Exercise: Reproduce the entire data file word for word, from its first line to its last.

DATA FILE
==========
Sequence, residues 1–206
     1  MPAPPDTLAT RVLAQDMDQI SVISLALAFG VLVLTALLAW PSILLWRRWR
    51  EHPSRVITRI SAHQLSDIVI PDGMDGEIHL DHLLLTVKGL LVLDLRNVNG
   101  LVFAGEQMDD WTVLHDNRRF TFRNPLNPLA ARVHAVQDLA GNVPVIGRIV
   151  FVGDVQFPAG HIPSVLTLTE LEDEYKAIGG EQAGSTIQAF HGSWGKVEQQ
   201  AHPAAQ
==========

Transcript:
Sequence, residues 1–206
     1  MPAPPDTLAT RVLAQDMDQI SVISLALAFG VLVLTALLAW PSILLWRRWR
    51  EHPSRVITRI SAHQLSDIVI PDGMDGEIHL DHLLLTVKGL LVLDLRNVNG
   101  LVFAGEQMDD WTVLHDNRRF TFRNPLNPLA ARVHAVQDLA GNVPVIGRIV
   151  FVGDVQFPAG HIPSVLTLTE LEDEYKAIGG EQAGSTIQAF HGSWGKVEQQ
   201  AHPAAQ